The trail surface varies from smooth paved, to a slightly ribbed potions that aren't that bad. Uh, at least 6 bathrooms (clean with good locks). I didn't see (wasn't really looking for) any water stations. It's somewhat hilly but not a lung-buster. Lot's of free speed (downhills) and even the false flats any momentum can be maintained.

The scenery is great and whatever flowers were blooming were a good offset to my odor-de-triathlete. Lots of tree canopy cover and a nice breeze to keep cool. One rather large deer crossed my path... good thing to keep at least one hand on the brakes.

All in all, a great place to road/mountain bike = five stars (three stars if you're riding a Tri-bike =)

Sawyer Camp Recreational Trail

Thursday, January 3, 2019
My wife and I started this ride at the northern most entrance at the corner of San Bruno Avenue West and Skyline Blvd. We parked at a dirt church parking lot across from the trail head that a sign said was open to the public. TrailLinks indicates there is parking at the San Andrea Trail parking lot about a ½ mile down the trail along Skyline Blvd. It not really a parking lot but more of a wide spot on the road. I actually didn’t recognize it on the first pass as there was only one car parked there.
Heading south from the trail head (you begin on the two lane paved San Andreas Trail) you begin a rolling incline as you ride along next to Skyline Road. After about 3 miles you will top out as you head toward the San Andreas Lake and begin a long 400 foot drop over the next mile or two to the San Andreas Dam. Pedaling is optional and by this time you have passed at least one bathroom…expect to see more.
By the time you reach the dam, you will be on the Sawyer Camp Recreational Trail. The view from the dam was spectacular, particularly as it is quite green this time of year. There are plenty of tree covered sections to make you really feel you are outdoors. A pretty nice feeling for being in the “city”. There are also several historic sites marked along the trail.
After crossing the dam your drop further down into the creek. The trees provide quite a bit of shading which would be good in the summer months but got quite chilly for our ride. There are picnic tables and of course, another bathroom.
You will eventually end up along the shore of the Lower Crystal Springs Reservoir. Again, spectacular views and a ton of friendly deer. We also began to encounter more and more hikers as this section is easily accessible from the entrance at the Sawyer Camp trail head next to the Crystal Springs Road and is pretty flat all the way to the bottom of the San Andreas Dam. Not too much of a problem for our week day winter ride, but I expect this would get very crowded on weekends and summer.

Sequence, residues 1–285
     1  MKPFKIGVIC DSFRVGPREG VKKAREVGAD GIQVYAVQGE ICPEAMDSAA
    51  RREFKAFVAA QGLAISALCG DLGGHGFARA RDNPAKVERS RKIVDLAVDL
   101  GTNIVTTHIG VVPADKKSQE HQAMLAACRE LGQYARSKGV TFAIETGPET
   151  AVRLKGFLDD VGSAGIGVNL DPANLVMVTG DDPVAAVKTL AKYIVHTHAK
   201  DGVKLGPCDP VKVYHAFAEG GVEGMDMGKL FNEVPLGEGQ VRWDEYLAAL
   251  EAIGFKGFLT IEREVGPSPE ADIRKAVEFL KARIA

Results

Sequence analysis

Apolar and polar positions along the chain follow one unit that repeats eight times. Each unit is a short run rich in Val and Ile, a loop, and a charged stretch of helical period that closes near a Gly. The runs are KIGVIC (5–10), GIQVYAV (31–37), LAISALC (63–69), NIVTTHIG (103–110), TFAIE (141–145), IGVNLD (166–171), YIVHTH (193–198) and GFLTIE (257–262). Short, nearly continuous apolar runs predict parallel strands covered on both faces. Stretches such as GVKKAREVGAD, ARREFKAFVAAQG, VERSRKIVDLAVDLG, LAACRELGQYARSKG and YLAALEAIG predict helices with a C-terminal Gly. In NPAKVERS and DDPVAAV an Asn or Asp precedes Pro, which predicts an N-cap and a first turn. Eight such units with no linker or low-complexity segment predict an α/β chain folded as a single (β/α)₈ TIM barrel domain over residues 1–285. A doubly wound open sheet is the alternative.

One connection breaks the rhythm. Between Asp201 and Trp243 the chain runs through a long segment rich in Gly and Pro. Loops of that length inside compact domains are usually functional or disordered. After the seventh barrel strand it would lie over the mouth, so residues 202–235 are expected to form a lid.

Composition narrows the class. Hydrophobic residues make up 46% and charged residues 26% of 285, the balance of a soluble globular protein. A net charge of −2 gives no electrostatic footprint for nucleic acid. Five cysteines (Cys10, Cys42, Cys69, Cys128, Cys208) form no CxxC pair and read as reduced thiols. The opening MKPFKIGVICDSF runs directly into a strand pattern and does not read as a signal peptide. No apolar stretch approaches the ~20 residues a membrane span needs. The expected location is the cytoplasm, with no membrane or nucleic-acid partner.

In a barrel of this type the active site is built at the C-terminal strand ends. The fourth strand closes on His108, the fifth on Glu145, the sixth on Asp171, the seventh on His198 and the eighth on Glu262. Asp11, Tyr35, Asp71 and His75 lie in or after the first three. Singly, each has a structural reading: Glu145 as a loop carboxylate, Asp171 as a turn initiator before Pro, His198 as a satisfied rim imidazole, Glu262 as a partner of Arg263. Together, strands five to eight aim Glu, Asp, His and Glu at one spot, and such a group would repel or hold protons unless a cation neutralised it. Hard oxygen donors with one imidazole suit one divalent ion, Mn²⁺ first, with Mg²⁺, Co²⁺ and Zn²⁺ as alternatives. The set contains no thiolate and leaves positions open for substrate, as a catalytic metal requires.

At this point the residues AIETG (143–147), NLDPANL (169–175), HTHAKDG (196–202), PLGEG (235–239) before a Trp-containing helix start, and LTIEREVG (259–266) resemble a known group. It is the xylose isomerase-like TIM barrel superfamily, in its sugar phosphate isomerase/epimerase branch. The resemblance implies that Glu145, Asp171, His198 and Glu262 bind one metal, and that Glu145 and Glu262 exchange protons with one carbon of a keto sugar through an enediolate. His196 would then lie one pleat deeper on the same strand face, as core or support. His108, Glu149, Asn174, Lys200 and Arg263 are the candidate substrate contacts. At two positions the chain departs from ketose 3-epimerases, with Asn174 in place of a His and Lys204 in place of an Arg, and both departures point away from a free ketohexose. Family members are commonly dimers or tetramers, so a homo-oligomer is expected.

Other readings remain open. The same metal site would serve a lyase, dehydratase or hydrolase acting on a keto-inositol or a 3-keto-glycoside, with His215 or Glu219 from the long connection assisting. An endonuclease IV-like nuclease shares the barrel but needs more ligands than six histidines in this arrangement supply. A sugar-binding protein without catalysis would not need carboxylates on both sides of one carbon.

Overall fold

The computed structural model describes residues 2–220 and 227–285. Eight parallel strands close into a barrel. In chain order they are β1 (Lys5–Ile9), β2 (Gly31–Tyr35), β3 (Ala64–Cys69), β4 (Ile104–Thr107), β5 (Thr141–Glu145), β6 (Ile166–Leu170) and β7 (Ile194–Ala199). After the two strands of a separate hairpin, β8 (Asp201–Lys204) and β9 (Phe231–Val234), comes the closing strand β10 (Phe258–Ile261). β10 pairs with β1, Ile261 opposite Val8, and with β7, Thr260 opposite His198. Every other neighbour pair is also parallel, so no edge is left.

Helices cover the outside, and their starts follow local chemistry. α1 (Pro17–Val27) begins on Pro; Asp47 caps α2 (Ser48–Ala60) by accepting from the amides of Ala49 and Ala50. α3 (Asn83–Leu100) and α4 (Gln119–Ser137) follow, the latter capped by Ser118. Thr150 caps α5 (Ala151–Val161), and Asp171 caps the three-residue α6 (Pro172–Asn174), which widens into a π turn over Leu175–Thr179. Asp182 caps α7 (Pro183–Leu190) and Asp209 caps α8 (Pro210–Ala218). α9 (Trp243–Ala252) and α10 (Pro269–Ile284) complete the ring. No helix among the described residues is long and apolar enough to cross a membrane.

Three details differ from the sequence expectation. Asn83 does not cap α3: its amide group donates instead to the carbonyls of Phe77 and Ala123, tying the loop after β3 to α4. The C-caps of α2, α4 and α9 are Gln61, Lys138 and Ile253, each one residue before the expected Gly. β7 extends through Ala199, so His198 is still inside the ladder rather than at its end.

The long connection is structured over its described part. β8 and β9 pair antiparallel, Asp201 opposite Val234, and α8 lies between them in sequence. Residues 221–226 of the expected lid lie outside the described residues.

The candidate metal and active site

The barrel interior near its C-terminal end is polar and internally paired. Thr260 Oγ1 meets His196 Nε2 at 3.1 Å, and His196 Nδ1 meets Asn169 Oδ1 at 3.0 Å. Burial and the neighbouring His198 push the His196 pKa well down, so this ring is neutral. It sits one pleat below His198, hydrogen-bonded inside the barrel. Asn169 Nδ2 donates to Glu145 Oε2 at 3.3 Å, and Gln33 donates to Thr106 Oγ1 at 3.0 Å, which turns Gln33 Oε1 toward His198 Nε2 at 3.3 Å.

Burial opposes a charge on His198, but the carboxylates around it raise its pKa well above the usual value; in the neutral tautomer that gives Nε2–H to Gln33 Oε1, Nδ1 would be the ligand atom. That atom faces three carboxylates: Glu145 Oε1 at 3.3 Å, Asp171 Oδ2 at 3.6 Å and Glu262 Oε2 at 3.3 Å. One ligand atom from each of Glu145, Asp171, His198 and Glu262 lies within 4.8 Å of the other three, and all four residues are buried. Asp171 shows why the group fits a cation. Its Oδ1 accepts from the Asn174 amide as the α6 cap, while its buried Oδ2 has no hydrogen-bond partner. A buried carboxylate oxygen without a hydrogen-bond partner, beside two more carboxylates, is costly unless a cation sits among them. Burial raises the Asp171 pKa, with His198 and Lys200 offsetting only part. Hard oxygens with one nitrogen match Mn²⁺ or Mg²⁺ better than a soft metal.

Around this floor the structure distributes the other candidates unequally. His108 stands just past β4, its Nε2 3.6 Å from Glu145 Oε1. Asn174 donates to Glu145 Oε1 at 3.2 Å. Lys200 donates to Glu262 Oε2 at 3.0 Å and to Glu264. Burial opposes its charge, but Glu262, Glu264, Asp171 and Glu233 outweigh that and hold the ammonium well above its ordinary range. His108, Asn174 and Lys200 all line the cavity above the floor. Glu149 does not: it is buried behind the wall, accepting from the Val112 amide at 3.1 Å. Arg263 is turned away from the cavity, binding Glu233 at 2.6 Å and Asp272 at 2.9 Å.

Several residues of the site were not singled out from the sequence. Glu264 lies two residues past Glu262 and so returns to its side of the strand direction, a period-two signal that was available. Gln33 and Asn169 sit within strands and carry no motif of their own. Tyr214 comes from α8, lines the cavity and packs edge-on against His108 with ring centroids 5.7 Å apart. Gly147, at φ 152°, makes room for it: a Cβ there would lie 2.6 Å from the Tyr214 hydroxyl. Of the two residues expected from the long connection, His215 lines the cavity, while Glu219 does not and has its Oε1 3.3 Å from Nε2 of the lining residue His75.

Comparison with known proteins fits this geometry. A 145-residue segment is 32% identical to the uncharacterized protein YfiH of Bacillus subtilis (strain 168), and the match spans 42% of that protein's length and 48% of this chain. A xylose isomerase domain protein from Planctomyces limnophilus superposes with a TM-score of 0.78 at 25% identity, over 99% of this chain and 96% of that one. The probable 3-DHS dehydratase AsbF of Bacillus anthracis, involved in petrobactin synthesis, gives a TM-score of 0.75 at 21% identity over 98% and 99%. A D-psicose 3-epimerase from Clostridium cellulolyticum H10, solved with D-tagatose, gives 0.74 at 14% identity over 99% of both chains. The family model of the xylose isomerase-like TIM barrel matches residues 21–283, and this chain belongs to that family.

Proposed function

We made our turnaround at the Sawyer Camp Trailhead (10 miles from our start) but not before making a side trip about a mile and a half north UP Hwy 35 to the Crystal Springs Golf course for lunch. The menu was typical bar food. The cheeseburger was huge and tasty. I would suggest splitting one as it came with a very large order of fries (my wife got onion rings). It was a small restaurant/bar overlooking the driving range.
My wife and I have Specialized Como electric bikes so the pedal assisted ride back up the trail was not difficult. But the incline was not that steep and was steady over a couple miles. Good gearing and little patience should not dampen your ride.

Total round trip (including the 1-1/2 mile one way side trip for lunch) was 22 miles.

This was our first ride of 2019 on a route we had never been before and we have lived in the Bay Area for 30 years. A hearty thanks to TrailLink for highlighting this on their web page!

great for kids

I did the 11 mile round trip from the Southern Sawyer Camp trailhead to the San Andreas Lake dam and back with my nine year old daughter on a Saturday morning in June 2017. It was her third bike ride of this length and was a big hit. Parking can be tight and the first two or three (freshly paved)miles are crowded with pedestrians, but otherwise perfect for an extended and interesting trip with a child. Unlike a lot of flat paths around the Bay Area, this one has lots of interesting curves and varied scenery. The last stretch to the dam is uphill and a but of a challenge for small ones, but also brings a sense of accomplishment. Highly recommended.





I ran here for the first time starting at the Sawyer Camp Trail entrance and absolutely loved it! I got there around 8:30am, which was perfect because parking gets crazy! The trail is scenic throughout and covers you from the sun from the most part. I will definitely be back!

Closed for Bridge Construction

I was really looking forward to this ride today. I tried the Northern part, but all trail access points were closed for bridge construction. I will try it again after the construction.

Amazing View

Really enjoyed this bike ride. If you're looking for something extremely flat and scenic and paved this is the trail for you. Make sure to bring plenty of water and some snacks with you. What's nice is there are bathrooms on the trail¿